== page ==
A team of Russian and American scientists is attracting worldwide attention with a paper that finds that Japan's devastating March earthquake was preceded by marked atmospheric changes near the quake's epicenter immediately before it struck. The finding is the latest in more than a decade of research looking into the possibility that stresses in the Earth's crust before a major quake may be connected to pronounced changes in the atmosphere from the surface to its uppermost layers.
Spoiler alert: This does not mean scientists have found a way to predict earthquakes. Yet.
In a preliminary (non-peer-reviewed) paper released this week in Vienna, the team working in Southern California, Maryland, and several Russian institutions said that a rise in atmospheric temperatures was recorded over the epicenter of the Tohoku earthquake, just off the northeast coast of the island of Honshu, in the days immediately before the 9.0 shake occurred on March 11. The quake and subsequent tsunami killed 24,000 people in Japan and caused damage in much of the Pacific basin.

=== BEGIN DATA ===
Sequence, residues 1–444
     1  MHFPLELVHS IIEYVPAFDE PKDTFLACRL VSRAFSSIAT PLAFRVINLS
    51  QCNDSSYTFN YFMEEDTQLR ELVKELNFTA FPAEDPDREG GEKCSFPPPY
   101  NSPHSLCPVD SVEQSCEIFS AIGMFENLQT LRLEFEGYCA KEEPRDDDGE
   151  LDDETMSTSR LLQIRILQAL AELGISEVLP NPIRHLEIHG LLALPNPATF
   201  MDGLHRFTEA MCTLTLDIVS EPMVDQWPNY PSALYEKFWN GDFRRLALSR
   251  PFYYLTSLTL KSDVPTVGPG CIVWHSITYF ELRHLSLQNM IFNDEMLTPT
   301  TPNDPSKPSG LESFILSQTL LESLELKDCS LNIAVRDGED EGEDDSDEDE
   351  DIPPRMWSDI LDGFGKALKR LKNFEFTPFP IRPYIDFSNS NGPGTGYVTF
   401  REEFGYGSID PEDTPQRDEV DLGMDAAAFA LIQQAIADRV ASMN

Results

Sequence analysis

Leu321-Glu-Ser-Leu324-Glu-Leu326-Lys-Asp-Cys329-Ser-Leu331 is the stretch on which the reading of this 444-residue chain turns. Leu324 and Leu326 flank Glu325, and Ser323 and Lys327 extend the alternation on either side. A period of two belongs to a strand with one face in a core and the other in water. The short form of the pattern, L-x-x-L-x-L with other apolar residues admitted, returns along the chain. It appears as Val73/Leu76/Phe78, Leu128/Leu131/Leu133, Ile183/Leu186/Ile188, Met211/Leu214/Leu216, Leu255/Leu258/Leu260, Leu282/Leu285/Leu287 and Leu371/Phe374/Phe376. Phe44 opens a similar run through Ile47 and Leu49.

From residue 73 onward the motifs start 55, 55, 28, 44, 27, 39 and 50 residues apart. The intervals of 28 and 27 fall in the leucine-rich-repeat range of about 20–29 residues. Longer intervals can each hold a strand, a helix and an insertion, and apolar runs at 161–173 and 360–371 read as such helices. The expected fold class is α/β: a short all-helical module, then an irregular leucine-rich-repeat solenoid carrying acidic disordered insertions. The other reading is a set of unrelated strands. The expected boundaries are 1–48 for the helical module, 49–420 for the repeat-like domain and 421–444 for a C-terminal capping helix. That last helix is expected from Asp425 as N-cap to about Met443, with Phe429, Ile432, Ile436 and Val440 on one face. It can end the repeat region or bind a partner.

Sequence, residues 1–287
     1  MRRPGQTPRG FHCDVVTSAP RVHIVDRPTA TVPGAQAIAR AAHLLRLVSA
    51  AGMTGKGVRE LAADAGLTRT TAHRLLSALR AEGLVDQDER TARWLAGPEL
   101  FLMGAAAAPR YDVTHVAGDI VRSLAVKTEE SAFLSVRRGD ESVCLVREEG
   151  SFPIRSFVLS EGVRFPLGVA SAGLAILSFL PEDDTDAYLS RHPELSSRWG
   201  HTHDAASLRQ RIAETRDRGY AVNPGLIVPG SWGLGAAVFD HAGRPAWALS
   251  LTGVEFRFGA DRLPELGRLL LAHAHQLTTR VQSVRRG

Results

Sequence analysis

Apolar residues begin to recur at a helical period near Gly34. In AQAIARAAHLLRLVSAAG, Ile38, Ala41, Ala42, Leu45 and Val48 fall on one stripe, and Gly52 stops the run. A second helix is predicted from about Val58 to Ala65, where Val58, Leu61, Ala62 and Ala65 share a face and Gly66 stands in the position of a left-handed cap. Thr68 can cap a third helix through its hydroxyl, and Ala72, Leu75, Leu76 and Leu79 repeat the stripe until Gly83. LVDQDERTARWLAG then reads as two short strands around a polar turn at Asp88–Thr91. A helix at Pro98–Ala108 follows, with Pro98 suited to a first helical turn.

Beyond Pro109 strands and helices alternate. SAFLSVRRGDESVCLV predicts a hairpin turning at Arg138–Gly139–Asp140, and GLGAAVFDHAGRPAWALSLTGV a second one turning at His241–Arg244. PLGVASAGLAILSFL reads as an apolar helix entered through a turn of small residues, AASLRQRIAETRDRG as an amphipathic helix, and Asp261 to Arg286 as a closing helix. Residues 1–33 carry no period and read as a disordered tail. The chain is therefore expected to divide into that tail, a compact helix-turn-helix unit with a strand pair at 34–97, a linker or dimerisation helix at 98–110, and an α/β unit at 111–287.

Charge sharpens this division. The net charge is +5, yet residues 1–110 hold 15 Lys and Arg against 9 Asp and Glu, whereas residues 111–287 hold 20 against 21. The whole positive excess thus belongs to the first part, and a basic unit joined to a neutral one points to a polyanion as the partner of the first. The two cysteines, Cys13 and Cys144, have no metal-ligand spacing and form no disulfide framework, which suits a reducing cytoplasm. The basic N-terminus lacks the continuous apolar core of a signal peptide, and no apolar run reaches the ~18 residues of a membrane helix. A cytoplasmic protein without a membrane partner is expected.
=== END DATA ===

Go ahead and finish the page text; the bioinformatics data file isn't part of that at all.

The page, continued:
The researchers are led by Dimitar Ouzounov, an assistant professor of earth sciences at Southern California's Chapman University who also works at NASA's Goddard Space Flight Center in Greenbelt, Maryland. Ouzounov has collaborated with others on several other papers that have documented anomalies in atmospheric conditions near quake epicenters. One paper documents rising atmospheric temperatures before two California quakes in September 2004: a 6.0 quake near Parkfield, on the San Andreas Fault northeast of Paso Robles, and a 5.5 tremor in Bodie, north of Mono Lake. Ouzounov told the Christian Science Monitor that he and his colleagues "have crunched data for more than 100 quakes in Asia and Taiwan ... and have found similar correlations for earthquakes with magnitudes bigger than 5.5 and depths less than 31 miles."
So what exactly did the team find when they looked at the atmospheric data from the Tohoku earthquake region? In layperson's shorthand, air temperatures above the monster quake's epicenter area rose and the upper atmosphere went nuts with loose subatomic particles and escaping heat. That is, something caused temperatures to rise in the lower atmosphere; in the ionosphere, much higher up, an unusually high level of electrons and outgoing long-wave radiation were detected.